Truly, there is much work to be done on improving national literacy. "Visitor's please sign in," instructs the clipboard on the reception desk of the Department for Education and Skills. No doubt the Secretary of State's previous guest was allowed to bypass this oddly apostrophised formality.
The Prince of Wales had been invited in by Ruth Kelly's predecessor, Charles Clarke, who lambasted the prince for his "very old-fashioned" view of education. By coincidence, the heir to the throne finally arrived in the middle of another schools row. Only this one had nothing to do with him.
Did Kelly show her visitor the white paper that could unseat Her Majesty's Prime Minister? "I took him through the proposals, and he found them very interesting," she says. Was he supportive? "I don't think I should put any comments in his mouth, but we had a really good and well-informed discussion."
If, as she implies, the document got a royal imprimatur, that is one of its few endorsements. Many teachers, unions and Labour MPs fear independently run state schools would mean back-door selection and more inequality. Tony Blair, determined to drive through his public service reforms, faces a rebellion that could force his resignation.
Among the opponents is Estelle Morris, the former education secretary, who calls the latest structural upheaval "one of the most contradictory documents ever produced by government". First it was billed as a boost for consumer power, then as a lever for equality. But, according to Morris, the new freedoms on offer are "precisely those most likely to hold back social justice".
"I just don't agree at all," Kelly says. "It's fundamentally to do with creating a more socially just society; about giving children who don't have opportunities at the moment a greater stake." The aim, she adds, is "greater investment, more teachers and support staff, better school discipline . . . and [improved] leadership".
It seems telling that Kelly's proposals are damned by another woman chosen, until her unforced resignation, to run the department closest to the Prime Minister's heart. Is this unsisterly of Morris? "She's entitled to write whatever she likes. I'm completely relaxed about it," Kelly says.
If her laugh sounds nervous, that is the only hint of strain. Kelly, now 37, came to this job as the youngest woman to join the cabinet. With four children under eight, she offered proof that a politician could leave her office, and red boxes, at 6.30pm. "That is becoming a little harder, but I do pretty well," she says.
The superwoman honeymoon was brief. An early speech was deemed patronising, an NUT leader called her "the worst education secretary since 1997", and some questioned her "spiritual support" from Opus Dei, the hardline Catholic movement made notorious by The Da Vinci Code. Her previous white paper, rejecting the Tomlinson plan to abolish GCSEs and A-levels, earned her more brickbats. ("Did you bottle it?" I ask, and she says: "Absolutely not. I am more convinced than ever I was right.")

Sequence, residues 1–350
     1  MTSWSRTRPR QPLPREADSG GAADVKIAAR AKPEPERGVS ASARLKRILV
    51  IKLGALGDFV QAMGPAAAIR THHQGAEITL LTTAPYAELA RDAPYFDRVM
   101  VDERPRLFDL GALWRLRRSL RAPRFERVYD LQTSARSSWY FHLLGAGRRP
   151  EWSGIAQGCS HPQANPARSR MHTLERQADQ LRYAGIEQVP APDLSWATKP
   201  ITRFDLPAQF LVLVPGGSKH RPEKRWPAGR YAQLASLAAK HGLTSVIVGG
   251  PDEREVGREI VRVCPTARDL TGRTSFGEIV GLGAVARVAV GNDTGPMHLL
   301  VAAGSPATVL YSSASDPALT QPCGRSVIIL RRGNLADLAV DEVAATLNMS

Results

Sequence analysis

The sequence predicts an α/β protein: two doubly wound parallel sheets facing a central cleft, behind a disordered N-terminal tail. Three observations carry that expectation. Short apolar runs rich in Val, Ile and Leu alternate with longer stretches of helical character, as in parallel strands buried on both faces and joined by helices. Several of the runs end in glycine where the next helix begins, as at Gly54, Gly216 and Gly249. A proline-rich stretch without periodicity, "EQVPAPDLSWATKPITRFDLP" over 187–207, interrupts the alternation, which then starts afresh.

Another white paper, another bust-up, but Kelly cannot be faulted on courage, or endurance. I ask if she relies on faith, and she says: "I'm quite a strong person, and faith is a key part of me, but I wouldn't be in this job if I wasn't able to deal with whatever hits me. I absolutely expect that people sometimes won't like me and what I'm doing. You just have to take people on and show you're serious about creating a fair society in which everyone can prosper."
More engaging and animated than her broadcast persona suggests, Kelly is clearly a determined juggler of home and work. There may be a faint stain of someone's breakfast yoghurt on her aqua-blue top, but I cannot be sure.
Though she is organised, her white paper is not a model of clarity. Schools will be encouraged (though not compelled) to be run by trusts, or to become self-governing. Local education authorities will be the commissioners, not the providers, while maintaining the old relationship with schools that don't opt out. New school providers will include "educational charities, faith groups and parents".
In particular, Blair has extolled parent power, despite fears that those with their own children's best interests at heart are the last people who should be in charge. The white paper specifies that "parents are able to set up new schools".
But now Kelly says this isn't the plan at all. "I think there are very, very few parents who will want to set up their own school," she says. "The white paper is not about . . . parents running schools. It's just not." Would she want to control her kids' school? "I certainly don't want to run it, and I don't think the teachers would like it either." The real idea, Kelly says, is that parents get more involved.
On to faith groups, which don't seem central, either, to Blair's revolution of provision. "We're not really talking about trust schools being able to adopt a religious character," Kelly says. So that leaves "organisations such as universities and educational foundations", among which Kelly has detected great enthusiasm.
"The Open University has linked up with Microsoft. They want to get involved in running a school, or more than one." Does she envisage a wider role for business? "Well, on a non-profit-making basis, where they have expertise," she says. What about, for instance, Apple? "If they've got something to offer." Schools would be unbranded, Kelly stresses, which would seem to rule out the formation of St iPod's.